Charlotte settled in Milly’s room, the single bed emphasising the loneliness she felt. She refused to see Eliza and Patrick, fearing judgement. Vicky offered reassurances, leaving a small suitcase in the room. Charlotte’s refusal to speak meant they left without answers. Her mind raced; they would fail to understand the truth, the weight of secrecy her relationship with Caleb brought. Patrick had recoiled at the cold touch of Caleb’s handshake, her mother referenced his sense of style, and Eliza suggested he should get out in the sun. In isolation, these were simple observations, meaningless; together, they revealed his occult status. Vampires were private; the temptation when living amongst the humans was like trying to be on hunger strike at an all-you-can-eat buffet. Caleb described how each human had a unique smell, their pheromones. He found hers enticing, the kind where he was unsure if she was food or his lover. Charlotte had felt jealous when he admitted this was how he chose his partners. As if the female of the species was not enough for her to contend with, Caleb enjoyed many male companions. If he was honest, gender identity played no part in his desire, letting his animal instincts lead him.
Vicky knitted her brow; the darker side of Charlotte’s lover concerned her. The description, what Charlotte chose to imply, led Vicky to believe this man wanted the fantasy life. His avoidance of Charlotte in the latter stages of her pregnancy, the vampire analogy, was merely an excuse to avoid responsibility. In schools, occult history was glossed over, with references to them confined to literature. Newspapers had tiny sections poking fun at people who claimed Vampires invaded their homes. Others suggested Spellcasters made them ill or stole from them, usually when their partner. There were sightings of Mermaids in Tartosa, Sulani, and Fisherman, claiming their song made the storms or lured others to their death. Whatever the reality, Charlotte embraced hers, at least for the moment.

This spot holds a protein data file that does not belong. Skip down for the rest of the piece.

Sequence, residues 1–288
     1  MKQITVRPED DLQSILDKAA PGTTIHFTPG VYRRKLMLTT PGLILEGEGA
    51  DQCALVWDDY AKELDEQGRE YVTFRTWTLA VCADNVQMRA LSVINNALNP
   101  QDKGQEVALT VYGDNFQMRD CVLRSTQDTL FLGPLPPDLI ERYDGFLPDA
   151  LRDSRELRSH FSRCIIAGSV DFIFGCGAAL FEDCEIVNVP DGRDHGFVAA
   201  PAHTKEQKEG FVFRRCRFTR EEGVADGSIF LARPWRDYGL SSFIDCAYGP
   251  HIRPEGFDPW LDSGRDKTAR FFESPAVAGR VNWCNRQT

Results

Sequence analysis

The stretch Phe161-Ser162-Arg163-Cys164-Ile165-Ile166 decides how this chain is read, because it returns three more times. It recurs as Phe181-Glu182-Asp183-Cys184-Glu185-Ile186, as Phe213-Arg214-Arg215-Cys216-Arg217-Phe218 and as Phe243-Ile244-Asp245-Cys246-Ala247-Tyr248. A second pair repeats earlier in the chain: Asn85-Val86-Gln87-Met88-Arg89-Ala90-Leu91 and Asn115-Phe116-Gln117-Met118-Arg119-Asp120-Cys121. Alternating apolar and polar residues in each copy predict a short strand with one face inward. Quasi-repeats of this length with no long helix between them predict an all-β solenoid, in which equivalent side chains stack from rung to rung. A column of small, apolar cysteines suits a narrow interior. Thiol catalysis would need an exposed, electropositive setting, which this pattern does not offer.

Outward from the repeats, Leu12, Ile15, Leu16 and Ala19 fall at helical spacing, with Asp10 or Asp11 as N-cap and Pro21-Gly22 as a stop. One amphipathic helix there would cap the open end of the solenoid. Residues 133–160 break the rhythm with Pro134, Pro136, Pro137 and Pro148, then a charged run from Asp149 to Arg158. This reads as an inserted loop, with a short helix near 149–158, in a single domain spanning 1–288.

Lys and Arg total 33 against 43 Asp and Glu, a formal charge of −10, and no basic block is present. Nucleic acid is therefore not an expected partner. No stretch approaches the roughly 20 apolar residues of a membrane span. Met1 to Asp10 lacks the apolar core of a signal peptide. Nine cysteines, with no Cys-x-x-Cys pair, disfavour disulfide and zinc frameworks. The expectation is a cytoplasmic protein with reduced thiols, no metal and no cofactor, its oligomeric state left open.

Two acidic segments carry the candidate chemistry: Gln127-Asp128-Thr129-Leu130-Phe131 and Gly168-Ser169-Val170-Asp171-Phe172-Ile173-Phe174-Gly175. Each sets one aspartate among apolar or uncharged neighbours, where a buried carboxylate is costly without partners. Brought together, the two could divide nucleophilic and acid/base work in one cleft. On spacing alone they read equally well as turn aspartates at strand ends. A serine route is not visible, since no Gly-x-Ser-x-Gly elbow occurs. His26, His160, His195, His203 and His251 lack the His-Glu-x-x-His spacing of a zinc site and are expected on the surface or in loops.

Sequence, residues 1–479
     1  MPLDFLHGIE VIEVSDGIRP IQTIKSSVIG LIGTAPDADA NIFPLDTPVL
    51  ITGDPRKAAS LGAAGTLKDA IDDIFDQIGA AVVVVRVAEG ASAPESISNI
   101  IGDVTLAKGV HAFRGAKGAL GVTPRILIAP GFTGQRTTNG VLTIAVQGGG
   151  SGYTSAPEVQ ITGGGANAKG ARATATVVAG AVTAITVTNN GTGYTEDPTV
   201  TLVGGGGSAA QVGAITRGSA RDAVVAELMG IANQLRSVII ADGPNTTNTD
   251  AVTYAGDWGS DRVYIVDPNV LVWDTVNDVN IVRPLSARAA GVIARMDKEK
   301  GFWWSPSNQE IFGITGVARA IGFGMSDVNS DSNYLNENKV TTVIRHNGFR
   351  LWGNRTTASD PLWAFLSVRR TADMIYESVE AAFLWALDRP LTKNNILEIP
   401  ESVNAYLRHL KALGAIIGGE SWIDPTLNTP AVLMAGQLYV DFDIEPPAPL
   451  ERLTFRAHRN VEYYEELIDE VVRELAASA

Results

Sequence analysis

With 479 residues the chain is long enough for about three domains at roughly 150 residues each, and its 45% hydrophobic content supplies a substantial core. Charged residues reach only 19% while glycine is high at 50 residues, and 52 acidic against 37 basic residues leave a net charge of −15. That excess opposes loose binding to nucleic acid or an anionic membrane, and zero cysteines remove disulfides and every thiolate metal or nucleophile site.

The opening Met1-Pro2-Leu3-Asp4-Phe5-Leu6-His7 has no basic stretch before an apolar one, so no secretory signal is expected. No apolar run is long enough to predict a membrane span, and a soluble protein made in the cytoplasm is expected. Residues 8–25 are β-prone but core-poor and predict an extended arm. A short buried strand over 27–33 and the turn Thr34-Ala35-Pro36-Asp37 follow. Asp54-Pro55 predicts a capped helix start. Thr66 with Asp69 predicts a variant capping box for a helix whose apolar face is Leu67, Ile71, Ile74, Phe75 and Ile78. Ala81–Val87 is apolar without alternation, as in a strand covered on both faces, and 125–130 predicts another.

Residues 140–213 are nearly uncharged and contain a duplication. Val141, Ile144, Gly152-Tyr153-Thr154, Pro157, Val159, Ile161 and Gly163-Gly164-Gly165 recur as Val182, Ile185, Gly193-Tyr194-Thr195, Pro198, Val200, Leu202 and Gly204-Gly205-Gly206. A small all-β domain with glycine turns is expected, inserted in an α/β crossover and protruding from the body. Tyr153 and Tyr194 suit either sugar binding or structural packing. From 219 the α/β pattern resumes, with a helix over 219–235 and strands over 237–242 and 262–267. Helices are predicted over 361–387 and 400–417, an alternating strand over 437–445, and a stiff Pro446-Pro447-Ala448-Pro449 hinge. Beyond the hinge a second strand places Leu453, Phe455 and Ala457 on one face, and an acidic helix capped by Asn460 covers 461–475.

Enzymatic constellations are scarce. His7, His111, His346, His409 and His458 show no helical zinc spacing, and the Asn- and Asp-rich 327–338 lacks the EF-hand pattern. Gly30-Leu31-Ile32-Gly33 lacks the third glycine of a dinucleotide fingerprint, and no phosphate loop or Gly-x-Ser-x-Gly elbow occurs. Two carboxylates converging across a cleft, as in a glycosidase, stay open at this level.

The future seemed unbearable, at least in the uncertainty of what would become of her relationship with Caleb. Staying in Brindleton Bay would need to be temporary, her niece grumbled, wondering when she could have her bed back. Vicky kept quiet, but Charlotte overheard her complaining on the phone as Milly slept restless, kicking her. Beyond her vampire dreams, Charlotte had given nothing else much thought. Being told that having children so young would not get in the way of her future was little comfort. She could feel the strain; her stomach tightened through another contraction. Shaking her head, Charlotte believed she was about to lose everything. Nothing prepared an adult for the trials of parenthood, and she was still a child herself. How could she be a mother?
Charlotte pushed Vicky away; the doctor gave a sympathetic look, and the onlookers whispered, thinking it shameful someone so young was pregnant. Vicky sat reluctant, waiting for Caleb to arrive. She could hear Charlotte calling for him as they rushed her into the delivering room. Caleb paced outside the hospital, wrestling with his bloodlust. Over the centuries, he had learned to control it; hospitals were places he knew to avoid, everything centred on blood. Caleb licked his lips, his inner demon flickered behind his eyes, and he took off into the night.
Caleb had agreed to let her use his name, and since Grace was her grandmother’s name, they sounded beautiful together. Charlotte’s face tensed, shuffling back as the nurse handed the first twin. Vicky intervened, comforting the crying child, opening her arms to take the second. A whispered sob escaped Charlotte, almost unwilling to name her daughters. Charlotte continued to sob; with Caleb’s absence, she wondered what life she could offer Daciana and Luliana Vatore-Grace.